Follow us:

Microsoft Pri0

Welcome to Microsoft Pri0: That's Microspeak for top priority, and that's the news and observations you'll find here from Seattle Times technology reporter Matt Day.

July 22, 2008 at 9:22 AM

Report: Microsoft ads to equate Vista-haters with the Flat Earth Society?

Ed Bott at ZDNet has a screen shot that may be part of Microsoft’s forthcoming $300 million advertising campaign to improve the image of Windows Vista. The shot shows a tall sailing ship on the open sea next to the text, “At one point, everyone thought the Earth was flat.” Below that, “Get the facts about Windows Vista.”

Bott points to the guys at LiveSide.net, who reported that previews of the Vista ads were shown during Microsoft’s big annual sales meeting last week in Atlanta. Bott said the screen shot itself is from a teaser on the Microsoft home page. I saw nothing of the sort when I checked this morning.

Bott is a fan of the message suggested by this snip of what could be Crispin Porter & Bogusky’s ad campaign for Microsoft. “Aligning its most vocal Vista critics with the Flat Earth Society is a clever way to get people’s attention,” the veteran Microsoft watcher wrote.

People have termed the upcoming advertising effort Microsoft’s “fight back” campaign in reference to the company’s near silence in the face of Apple’s successful and biting “I’m a Mac. I’m a PC” campaign. So far, this campaign has done more to shape the popular perception of Vista than Microsoft has.

Bott, after following the link in the teaser, thinks Microsoft is not going to try to counter humor with humor. He cites text from the Vista page the teaser points to that offers a sober assessment of Vista’s early shortcomings and explains how Microsoft and the broader industry have addressed them.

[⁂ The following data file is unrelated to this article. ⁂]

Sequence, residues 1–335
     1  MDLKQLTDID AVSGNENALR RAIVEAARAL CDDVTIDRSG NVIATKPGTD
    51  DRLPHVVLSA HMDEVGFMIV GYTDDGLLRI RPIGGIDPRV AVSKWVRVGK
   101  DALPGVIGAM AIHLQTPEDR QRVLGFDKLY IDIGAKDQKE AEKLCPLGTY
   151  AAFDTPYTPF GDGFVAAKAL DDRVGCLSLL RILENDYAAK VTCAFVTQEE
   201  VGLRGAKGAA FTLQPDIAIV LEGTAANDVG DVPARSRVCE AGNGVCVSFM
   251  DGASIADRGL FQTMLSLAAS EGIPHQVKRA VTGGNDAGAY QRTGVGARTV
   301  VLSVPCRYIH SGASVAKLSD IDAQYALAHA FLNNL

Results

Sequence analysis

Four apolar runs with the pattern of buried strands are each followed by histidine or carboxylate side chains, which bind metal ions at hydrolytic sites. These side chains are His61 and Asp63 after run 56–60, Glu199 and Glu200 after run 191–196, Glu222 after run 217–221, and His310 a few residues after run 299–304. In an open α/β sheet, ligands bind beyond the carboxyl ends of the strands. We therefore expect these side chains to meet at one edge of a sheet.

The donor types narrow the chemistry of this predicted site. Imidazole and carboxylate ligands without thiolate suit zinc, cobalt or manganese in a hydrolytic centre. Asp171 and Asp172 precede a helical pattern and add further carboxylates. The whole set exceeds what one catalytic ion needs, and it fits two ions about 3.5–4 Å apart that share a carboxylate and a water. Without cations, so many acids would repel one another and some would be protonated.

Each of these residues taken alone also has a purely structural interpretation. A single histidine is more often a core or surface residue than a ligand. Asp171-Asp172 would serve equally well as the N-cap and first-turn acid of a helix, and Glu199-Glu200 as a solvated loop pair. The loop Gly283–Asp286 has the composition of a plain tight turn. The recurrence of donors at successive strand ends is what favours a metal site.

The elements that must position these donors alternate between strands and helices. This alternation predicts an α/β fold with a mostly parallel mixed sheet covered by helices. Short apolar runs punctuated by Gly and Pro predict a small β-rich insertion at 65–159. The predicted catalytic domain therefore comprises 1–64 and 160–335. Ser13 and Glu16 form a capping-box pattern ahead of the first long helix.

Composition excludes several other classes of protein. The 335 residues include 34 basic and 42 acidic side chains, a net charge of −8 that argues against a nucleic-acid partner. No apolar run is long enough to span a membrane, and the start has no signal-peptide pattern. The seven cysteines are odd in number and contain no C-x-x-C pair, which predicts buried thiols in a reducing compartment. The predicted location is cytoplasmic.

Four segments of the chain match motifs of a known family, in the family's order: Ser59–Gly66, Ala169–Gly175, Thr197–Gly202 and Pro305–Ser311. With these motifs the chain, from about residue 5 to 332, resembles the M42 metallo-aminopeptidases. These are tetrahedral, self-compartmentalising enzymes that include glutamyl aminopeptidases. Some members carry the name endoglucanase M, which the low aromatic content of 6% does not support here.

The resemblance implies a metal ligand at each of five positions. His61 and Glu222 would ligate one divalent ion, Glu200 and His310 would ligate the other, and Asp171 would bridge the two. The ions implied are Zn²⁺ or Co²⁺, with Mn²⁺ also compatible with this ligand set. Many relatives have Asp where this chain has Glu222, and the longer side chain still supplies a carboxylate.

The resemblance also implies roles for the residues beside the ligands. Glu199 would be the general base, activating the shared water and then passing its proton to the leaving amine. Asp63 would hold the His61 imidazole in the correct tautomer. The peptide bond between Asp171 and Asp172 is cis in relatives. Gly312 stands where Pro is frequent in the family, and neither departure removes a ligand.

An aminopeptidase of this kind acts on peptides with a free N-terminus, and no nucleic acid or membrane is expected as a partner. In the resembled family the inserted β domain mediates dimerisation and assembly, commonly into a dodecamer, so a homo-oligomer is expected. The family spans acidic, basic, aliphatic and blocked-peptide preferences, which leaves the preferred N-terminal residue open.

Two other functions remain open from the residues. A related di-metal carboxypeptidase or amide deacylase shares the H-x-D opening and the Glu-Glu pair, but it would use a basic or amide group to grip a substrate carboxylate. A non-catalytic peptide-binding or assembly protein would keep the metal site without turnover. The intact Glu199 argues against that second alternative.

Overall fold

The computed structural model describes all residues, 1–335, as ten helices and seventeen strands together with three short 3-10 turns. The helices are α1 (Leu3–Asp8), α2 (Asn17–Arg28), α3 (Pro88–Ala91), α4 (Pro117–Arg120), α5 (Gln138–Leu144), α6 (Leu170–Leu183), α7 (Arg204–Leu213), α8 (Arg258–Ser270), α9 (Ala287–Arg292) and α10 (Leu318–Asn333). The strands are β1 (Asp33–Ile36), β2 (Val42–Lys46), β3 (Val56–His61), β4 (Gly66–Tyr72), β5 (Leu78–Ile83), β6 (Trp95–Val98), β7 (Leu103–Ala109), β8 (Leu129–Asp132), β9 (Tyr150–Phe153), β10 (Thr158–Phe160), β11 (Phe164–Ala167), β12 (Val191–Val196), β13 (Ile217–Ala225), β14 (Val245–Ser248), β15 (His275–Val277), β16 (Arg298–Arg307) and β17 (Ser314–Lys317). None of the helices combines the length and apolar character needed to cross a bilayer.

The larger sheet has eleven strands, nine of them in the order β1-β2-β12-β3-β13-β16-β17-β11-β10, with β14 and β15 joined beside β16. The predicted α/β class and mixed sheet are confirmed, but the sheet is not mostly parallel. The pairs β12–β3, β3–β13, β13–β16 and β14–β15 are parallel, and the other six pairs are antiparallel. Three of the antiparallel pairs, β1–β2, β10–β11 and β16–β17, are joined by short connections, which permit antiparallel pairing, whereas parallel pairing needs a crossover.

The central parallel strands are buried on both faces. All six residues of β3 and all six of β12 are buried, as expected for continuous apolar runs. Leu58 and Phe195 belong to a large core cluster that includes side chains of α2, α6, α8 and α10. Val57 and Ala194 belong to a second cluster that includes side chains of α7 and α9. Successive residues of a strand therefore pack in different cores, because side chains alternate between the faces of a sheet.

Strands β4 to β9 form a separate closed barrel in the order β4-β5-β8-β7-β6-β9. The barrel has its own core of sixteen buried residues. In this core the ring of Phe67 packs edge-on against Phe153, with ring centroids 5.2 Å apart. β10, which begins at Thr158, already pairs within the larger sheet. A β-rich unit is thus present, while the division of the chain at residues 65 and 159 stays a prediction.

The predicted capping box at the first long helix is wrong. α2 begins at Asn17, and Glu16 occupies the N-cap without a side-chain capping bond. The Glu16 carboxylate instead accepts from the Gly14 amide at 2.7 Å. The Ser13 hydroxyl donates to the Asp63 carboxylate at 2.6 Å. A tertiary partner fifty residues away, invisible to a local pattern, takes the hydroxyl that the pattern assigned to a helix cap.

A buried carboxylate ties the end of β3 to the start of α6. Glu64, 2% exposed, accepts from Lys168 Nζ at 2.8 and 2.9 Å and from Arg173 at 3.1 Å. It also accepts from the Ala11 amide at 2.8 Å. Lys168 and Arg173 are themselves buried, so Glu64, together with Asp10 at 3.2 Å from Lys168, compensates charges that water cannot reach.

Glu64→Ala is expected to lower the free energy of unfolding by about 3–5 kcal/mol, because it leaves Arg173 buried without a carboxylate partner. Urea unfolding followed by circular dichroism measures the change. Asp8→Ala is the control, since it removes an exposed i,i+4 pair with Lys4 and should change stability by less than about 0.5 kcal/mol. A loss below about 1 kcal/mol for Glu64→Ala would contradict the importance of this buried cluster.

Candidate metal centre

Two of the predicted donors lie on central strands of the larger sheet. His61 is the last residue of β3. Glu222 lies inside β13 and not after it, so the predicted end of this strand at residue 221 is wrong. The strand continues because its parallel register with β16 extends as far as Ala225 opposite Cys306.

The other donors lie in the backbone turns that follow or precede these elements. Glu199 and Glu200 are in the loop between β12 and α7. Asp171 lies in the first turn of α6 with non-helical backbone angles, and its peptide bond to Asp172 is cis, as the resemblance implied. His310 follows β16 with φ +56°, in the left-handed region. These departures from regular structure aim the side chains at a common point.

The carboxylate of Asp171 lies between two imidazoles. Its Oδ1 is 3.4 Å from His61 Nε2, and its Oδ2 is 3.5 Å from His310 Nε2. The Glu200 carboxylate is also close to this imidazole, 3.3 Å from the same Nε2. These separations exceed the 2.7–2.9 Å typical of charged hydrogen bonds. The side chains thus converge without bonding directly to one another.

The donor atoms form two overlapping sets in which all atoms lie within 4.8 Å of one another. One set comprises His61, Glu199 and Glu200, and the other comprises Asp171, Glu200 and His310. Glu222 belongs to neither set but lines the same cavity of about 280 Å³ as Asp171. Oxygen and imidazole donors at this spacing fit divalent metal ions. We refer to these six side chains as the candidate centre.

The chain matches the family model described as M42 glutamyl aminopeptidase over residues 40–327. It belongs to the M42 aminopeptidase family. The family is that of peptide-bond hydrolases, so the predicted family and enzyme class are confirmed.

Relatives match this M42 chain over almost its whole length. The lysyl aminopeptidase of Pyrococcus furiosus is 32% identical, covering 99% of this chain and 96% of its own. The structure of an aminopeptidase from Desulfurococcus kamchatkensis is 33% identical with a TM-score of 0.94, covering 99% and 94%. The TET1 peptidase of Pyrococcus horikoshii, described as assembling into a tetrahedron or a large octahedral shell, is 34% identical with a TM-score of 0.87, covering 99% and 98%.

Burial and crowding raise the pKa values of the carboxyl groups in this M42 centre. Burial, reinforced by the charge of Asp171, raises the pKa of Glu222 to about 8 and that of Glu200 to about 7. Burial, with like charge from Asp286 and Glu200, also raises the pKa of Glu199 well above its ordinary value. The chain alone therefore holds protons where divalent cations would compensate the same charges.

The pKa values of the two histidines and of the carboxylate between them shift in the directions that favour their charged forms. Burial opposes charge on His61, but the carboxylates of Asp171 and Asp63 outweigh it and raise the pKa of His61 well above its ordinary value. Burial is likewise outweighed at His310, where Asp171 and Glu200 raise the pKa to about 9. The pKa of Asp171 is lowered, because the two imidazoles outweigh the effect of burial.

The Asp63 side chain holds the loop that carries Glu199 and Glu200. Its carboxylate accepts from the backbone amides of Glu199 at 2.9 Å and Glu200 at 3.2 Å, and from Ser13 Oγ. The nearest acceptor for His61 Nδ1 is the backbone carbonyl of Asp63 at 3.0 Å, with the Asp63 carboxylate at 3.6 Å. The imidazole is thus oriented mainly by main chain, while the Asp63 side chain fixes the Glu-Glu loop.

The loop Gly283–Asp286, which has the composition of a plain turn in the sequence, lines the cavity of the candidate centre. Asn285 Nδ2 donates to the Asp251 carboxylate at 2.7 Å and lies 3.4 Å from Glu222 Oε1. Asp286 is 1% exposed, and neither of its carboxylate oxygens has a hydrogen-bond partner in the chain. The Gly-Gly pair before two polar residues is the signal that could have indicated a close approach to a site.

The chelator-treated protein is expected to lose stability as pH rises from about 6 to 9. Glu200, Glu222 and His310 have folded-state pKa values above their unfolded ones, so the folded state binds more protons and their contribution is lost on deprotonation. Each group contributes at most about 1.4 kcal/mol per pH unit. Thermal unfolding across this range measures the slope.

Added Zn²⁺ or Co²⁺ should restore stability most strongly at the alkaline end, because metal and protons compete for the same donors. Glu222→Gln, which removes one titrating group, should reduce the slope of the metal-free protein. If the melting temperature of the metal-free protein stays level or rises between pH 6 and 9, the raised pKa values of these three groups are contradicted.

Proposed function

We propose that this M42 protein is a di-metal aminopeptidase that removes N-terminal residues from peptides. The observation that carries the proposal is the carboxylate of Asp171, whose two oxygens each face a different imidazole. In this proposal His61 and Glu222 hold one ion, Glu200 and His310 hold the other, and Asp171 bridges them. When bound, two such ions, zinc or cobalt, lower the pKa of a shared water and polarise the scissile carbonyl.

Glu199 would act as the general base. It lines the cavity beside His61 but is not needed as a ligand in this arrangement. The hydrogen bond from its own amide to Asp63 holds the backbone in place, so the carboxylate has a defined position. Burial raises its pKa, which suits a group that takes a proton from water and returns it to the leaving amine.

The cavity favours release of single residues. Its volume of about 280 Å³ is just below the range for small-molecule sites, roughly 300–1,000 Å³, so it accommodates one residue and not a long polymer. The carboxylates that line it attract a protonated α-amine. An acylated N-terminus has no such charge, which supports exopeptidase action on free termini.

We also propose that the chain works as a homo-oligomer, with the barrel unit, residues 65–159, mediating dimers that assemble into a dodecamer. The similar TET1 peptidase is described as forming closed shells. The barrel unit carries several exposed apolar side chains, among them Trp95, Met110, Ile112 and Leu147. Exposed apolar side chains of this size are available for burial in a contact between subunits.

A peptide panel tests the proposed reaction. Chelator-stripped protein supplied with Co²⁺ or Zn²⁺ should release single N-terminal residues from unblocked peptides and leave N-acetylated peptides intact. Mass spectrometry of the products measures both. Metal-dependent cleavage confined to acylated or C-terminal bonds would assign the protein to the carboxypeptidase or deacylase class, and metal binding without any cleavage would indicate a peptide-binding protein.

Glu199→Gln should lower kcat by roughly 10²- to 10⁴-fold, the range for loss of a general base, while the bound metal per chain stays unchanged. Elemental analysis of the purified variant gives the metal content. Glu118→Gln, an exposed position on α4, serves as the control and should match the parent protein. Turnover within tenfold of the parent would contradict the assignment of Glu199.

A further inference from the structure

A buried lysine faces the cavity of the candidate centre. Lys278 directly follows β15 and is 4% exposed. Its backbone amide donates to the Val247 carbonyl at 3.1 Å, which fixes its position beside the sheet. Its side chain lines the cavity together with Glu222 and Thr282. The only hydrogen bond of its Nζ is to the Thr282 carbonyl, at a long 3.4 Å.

Comments | More in Advertising, Windows Vista

COMMENTS

No personal attacks or insults, no hate speech, no profanity. Please keep the conversation civil and help us moderate this thread by reporting any abuse. See our Commenting FAQ.



The opinions expressed in reader comments are those of the author only, and do not reflect the opinions of The Seattle Times.


The Seattle Times

The door is closed, but it's not locked.

Take a minute to subscribe and continue to enjoy The Seattle Times for as little as 99 cents a week.

Subscription options ►

Already a subscriber?

We've got good news for you. Unlimited seattletimes.com content access is included with most subscriptions.

Subscriber login ►
The Seattle Times

To keep reading, you need a subscription upgrade.

We hope you have enjoyed your complimentary access. For unlimited seattletimes.com access, please upgrade your digital subscription.

Call customer service at 1.800.542.0820 for assistance with your upgrade or questions about your subscriber status.

The Seattle Times

To keep reading, you need a subscription.

We hope you have enjoyed your complimentary access. Subscribe now for unlimited access!

Subscription options ►

Already a subscriber?

We've got good news for you. Unlimited seattletimes.com content access is included with most subscriptions.

Activate Subscriber Account ►